Malting barley research in Michigan’s Upper Peninsula reaches across the Atlantic

A recent international partnership award between the United States, United Kingdom and Canada has opened the door for research and collaboration on malting barley production.

UPREC Crops Researcher, Christian Kapp, plants 6 UK malting barley varieties to assess varying levels of Fusarium head blight resistance.
UPREC Crops Researcher, Christian Kapp, plants 6 UK malting barley varieties to assess varying levels of Fusarium head blight resistance.

The MSU Upper Peninsula Research and Extension Center (UPREC) has established itself as the leader in malting barley research in Michigan. That fact caught the attention of researchers from the John Innes Centre in Norwich, UK, who are working on of heritage barley lines for new malt flavors and potential Fusarium head blight (FHB) resistance – a disease that poses a great challenge to upper Midwest barley production. In 2014, Drs. Christopher Ridout and Sarah de Vos, researchers from the Centre in the UK, visited the various research trials ongoing in Michigan, leading to a formal collaboration in partnering award grants worth around $60,000 from the UK research council BBSRC.

“We were impressed by the high quality of the trials performed at UPREC, and the passion of the researchers to re-establish malting barley in the region,” said Ridout.

Other partners include researchers from Penn State, Cornell, Agri-Food Canada (Prince Edward Island), Virginia Tech and Deer Creek Malting in Pennsylvania.

Eastern North America is the focus for this work because of the emerging malting barley and malt industries in those regions. In recent years, those industries have been primarily in the western states, and so too have the variety breeding programs. Now, as interest increases in the east, farmers and maltsters are finding it difficult to identify varieties that are well-suited to a less arid climate. Reviving some of these heritage barley lines, naturally adapted for the UK climate, may serve as a useful tool as more adaptable varieties are developed domestically. Another area of research to be examined is the soil health implications of malting barley cultivation – primarily as it relates to the barley’s ability to form beneficial associations with mycorrhizal fungi and soil bacteria – a research focus well-aligned with the MSU UPREC mission.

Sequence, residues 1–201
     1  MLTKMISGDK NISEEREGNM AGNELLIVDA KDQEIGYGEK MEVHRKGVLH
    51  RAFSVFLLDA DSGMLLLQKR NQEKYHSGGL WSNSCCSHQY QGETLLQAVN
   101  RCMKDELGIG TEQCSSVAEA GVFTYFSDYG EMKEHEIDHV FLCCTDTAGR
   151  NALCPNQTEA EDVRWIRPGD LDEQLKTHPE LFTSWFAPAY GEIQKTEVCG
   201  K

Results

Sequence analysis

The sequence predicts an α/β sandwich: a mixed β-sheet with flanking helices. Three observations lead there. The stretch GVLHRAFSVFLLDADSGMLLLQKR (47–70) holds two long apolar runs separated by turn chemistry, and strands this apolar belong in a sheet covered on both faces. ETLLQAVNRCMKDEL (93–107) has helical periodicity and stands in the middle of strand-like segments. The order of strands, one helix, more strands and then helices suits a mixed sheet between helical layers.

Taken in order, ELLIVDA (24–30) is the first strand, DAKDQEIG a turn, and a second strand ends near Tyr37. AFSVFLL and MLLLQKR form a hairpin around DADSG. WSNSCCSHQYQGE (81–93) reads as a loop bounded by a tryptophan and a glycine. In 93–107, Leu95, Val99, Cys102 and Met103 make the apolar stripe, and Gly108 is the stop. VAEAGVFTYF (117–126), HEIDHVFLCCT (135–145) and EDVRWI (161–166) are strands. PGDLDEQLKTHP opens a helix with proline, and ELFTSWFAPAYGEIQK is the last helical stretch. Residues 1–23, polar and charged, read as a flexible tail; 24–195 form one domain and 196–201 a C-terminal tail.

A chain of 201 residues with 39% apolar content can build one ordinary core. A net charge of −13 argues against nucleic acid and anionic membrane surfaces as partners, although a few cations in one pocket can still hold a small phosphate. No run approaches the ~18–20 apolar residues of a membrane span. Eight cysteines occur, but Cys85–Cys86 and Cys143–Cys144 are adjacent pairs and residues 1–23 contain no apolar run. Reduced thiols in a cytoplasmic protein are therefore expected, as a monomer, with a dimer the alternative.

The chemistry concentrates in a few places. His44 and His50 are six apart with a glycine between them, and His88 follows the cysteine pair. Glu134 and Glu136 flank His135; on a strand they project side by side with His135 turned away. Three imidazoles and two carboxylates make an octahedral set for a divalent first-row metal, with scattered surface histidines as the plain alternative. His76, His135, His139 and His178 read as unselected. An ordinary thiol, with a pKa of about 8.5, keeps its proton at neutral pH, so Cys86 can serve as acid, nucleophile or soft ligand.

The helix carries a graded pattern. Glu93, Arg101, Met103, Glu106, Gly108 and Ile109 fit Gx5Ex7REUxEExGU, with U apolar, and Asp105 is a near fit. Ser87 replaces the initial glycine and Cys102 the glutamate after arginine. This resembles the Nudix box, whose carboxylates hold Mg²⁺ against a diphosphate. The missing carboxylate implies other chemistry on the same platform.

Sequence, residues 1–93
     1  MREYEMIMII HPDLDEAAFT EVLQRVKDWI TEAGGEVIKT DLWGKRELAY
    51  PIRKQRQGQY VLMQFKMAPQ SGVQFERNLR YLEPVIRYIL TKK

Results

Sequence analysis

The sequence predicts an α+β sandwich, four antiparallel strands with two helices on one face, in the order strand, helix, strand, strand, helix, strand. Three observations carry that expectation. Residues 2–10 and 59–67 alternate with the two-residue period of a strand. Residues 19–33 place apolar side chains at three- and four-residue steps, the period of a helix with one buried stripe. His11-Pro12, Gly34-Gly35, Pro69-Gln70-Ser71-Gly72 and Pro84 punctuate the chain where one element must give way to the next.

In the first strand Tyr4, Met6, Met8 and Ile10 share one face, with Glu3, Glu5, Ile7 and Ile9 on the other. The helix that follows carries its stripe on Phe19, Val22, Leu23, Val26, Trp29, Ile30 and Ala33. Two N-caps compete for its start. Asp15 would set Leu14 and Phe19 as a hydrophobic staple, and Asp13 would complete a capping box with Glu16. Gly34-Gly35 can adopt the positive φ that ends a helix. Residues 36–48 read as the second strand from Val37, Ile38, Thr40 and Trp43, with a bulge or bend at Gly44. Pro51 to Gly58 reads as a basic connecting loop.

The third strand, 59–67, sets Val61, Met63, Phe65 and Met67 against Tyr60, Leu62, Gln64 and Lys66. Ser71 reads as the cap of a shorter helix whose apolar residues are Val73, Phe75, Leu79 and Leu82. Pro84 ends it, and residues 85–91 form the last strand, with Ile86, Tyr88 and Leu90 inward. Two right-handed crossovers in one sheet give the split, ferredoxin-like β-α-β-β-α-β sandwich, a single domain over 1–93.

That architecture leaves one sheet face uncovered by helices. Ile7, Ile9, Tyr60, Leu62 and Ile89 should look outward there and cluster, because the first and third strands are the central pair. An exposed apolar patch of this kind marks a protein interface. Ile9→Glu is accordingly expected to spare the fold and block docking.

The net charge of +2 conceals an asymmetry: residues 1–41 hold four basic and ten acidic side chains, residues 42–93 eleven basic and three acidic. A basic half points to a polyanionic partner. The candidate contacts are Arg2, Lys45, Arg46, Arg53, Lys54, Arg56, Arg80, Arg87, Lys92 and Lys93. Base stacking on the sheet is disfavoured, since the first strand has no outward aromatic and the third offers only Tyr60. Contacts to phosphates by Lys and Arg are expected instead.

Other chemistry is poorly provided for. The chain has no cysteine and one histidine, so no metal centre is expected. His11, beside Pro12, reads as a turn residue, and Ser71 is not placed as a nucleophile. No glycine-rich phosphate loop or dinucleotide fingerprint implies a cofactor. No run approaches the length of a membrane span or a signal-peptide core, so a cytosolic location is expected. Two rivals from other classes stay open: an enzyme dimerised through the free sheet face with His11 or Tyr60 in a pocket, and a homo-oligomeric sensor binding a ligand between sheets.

Although a bulk of the research will not begin until 2016, researchers in the U.P. have already put six UK varieties in the ground. They were selected from a cross with Chevallier, a popular barley from the Victorian period, for resistance to FHB. This, made possible through the BBSRC partnering award, will open the door for additional varieties to test in the future, along with support for research and knowledge to flow amongst partners. Exchange programs will also be established to allow early-career researchers from the UK to travel to the US, and vice versa. In addition, a research symposium open to all collaborators will be held in the UK in 2016.

If you are interested in learning more about malting barley production or malt processing in Michigan, feel free to reach out to me, Ashley McFarland at 906-439-5176 or, coordinator of the Michigan State University Upper Peninsula Research and Extension Center in Chatham, Michigan and a Community Food System Educator with Michigan State University Extension.

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